Using external values rather than the arguments that were passed
(def random-value '(5 4 3 2 1)) (defn impure-increment-numbers [number-collection] (map inc random-value)) (impure-increment-numbers '(1 2 3 4 5))
Using a global value rather than the argument passed makes this function non-deterministic
Side effect example
(defn print-to-console [value-to-print] (println "The value is" value-to-print "- the returned value is below:")) (print-to-console "a side effect")
Impurity via host language interoperability
Using code from the host environment is often a source of impurity, especially when that language is very stateful.
Date class from the host environment.
(defn task-complete [task-name] (str "Setting task " task-name " completed on " (js/Date.))) (task-complete "hack clojure")
When we call task complete we have no control over the date that the function uses.
This example is the same as above, except it uses the Java
(java.util.Date.) creates a new date object with the current date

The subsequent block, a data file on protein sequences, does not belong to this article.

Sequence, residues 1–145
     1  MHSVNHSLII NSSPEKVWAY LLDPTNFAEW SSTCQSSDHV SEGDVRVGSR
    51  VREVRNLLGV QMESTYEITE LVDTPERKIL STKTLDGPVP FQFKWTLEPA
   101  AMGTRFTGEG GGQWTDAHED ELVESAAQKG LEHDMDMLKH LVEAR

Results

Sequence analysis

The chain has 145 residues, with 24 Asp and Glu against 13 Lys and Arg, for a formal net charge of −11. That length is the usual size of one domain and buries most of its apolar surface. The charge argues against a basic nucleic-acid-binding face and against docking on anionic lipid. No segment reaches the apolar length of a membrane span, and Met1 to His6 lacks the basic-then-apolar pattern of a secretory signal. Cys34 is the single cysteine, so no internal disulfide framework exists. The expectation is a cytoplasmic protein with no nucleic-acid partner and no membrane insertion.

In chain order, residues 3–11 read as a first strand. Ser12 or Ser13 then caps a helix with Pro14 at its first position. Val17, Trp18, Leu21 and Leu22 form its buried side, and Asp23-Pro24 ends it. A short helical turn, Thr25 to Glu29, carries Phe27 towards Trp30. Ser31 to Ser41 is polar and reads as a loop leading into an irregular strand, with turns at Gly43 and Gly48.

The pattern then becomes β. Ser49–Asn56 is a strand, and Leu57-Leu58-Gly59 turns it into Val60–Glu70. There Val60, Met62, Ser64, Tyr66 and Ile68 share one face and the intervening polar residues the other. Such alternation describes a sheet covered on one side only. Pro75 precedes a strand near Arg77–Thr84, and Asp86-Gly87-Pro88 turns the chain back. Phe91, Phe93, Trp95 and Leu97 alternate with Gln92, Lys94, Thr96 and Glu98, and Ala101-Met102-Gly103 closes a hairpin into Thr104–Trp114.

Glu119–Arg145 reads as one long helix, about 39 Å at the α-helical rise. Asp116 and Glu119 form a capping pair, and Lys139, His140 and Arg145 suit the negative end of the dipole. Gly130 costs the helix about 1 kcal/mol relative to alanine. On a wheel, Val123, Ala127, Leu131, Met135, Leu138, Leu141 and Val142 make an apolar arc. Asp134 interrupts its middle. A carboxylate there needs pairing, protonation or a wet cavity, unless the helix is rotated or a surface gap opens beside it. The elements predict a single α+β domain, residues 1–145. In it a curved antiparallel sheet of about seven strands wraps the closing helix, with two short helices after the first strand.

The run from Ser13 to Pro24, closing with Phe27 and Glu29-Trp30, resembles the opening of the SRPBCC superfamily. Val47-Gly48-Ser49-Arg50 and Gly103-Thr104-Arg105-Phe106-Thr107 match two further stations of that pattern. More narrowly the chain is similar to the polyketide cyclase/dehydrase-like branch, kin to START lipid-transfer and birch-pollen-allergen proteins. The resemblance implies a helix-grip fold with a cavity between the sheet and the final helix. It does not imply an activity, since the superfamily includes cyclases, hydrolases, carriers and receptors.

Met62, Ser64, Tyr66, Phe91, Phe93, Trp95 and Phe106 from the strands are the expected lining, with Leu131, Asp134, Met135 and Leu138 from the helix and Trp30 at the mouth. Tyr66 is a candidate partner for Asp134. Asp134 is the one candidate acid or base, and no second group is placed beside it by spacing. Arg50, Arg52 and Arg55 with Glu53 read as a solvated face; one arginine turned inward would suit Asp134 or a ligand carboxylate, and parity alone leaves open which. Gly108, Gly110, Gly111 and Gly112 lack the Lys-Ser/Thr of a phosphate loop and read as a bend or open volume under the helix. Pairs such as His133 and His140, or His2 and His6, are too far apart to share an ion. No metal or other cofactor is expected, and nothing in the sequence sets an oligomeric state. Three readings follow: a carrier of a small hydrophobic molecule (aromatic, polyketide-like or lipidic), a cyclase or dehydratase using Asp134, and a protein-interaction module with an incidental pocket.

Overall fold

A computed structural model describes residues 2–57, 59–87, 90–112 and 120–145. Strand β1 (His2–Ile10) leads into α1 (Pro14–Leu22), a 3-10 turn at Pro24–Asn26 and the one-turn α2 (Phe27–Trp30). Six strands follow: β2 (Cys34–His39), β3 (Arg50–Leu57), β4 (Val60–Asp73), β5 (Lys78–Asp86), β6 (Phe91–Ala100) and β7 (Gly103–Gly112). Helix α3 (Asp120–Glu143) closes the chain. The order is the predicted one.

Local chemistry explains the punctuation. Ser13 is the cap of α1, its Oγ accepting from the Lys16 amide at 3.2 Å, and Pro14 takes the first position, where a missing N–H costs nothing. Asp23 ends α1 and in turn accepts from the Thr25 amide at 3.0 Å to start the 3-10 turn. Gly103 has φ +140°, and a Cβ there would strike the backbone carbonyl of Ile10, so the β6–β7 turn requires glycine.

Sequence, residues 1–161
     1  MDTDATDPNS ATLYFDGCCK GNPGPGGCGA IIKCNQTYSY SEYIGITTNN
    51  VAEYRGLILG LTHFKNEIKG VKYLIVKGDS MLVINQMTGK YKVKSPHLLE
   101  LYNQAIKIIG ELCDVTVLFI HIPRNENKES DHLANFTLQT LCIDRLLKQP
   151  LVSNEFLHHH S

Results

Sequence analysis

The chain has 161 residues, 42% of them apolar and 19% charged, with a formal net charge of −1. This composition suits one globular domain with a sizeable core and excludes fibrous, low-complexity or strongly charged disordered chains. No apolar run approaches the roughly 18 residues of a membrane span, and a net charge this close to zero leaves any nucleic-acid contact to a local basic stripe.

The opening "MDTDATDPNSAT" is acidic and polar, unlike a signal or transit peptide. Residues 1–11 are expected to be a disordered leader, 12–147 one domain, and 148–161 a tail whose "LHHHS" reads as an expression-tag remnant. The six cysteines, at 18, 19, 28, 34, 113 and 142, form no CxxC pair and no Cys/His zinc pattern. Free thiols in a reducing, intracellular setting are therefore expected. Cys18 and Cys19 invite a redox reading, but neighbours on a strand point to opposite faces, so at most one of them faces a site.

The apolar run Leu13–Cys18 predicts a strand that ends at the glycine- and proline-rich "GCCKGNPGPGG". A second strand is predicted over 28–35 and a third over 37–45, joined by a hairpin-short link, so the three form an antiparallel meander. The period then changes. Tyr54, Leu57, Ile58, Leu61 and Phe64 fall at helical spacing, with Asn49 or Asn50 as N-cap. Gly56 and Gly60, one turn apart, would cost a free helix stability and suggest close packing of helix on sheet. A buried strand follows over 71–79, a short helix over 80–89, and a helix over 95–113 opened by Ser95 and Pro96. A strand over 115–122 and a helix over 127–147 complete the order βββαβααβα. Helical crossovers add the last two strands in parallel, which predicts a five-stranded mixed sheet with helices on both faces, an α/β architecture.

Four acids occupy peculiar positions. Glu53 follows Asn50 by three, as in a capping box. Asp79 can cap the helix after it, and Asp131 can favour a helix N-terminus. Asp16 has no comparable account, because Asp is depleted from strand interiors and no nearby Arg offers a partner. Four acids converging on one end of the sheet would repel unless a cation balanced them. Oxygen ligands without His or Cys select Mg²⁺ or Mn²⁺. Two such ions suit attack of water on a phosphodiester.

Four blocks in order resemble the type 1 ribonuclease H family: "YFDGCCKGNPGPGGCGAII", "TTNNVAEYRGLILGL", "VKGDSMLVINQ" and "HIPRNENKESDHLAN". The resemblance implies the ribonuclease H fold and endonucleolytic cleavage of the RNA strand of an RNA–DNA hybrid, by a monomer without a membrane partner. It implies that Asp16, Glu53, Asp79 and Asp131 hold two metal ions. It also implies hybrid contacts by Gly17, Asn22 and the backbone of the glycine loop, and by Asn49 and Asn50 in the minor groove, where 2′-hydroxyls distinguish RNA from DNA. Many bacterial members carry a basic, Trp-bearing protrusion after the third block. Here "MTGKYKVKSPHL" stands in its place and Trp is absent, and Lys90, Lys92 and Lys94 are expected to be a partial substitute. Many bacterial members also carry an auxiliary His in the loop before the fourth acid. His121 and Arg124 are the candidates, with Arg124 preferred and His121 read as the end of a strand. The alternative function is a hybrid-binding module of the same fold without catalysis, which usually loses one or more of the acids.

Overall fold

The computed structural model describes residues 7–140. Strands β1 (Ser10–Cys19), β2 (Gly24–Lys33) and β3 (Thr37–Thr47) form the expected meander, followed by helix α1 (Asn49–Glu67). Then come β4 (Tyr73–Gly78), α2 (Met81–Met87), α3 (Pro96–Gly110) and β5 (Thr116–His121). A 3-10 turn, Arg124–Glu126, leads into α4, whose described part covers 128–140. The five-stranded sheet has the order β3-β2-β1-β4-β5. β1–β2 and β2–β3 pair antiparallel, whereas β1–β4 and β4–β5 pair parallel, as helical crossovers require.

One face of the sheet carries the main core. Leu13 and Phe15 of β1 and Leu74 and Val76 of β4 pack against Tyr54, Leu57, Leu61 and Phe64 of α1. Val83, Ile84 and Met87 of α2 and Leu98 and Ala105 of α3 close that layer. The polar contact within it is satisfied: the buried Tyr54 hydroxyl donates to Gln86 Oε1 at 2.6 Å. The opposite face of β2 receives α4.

(:import java.util.Date) (defn task-complete [task-name] (str "Setting task " task-name " completed on " (java.util.Date.))) (task-complete "hack clojure")
A pure approach to host language Interoperability
It keeps functions simpler if you use generated numbers outside of a function and passed them as an argument.
In this example we use
(defn task-complete [task-name completed-date] (str "Setting task " task-name " completed on " completed-date)) (task-complete "hack clojure" (js/Date.))
Where impure functions cannot be avoided, it is common to wrap impure code inside a function in order to keep all your other functions pure.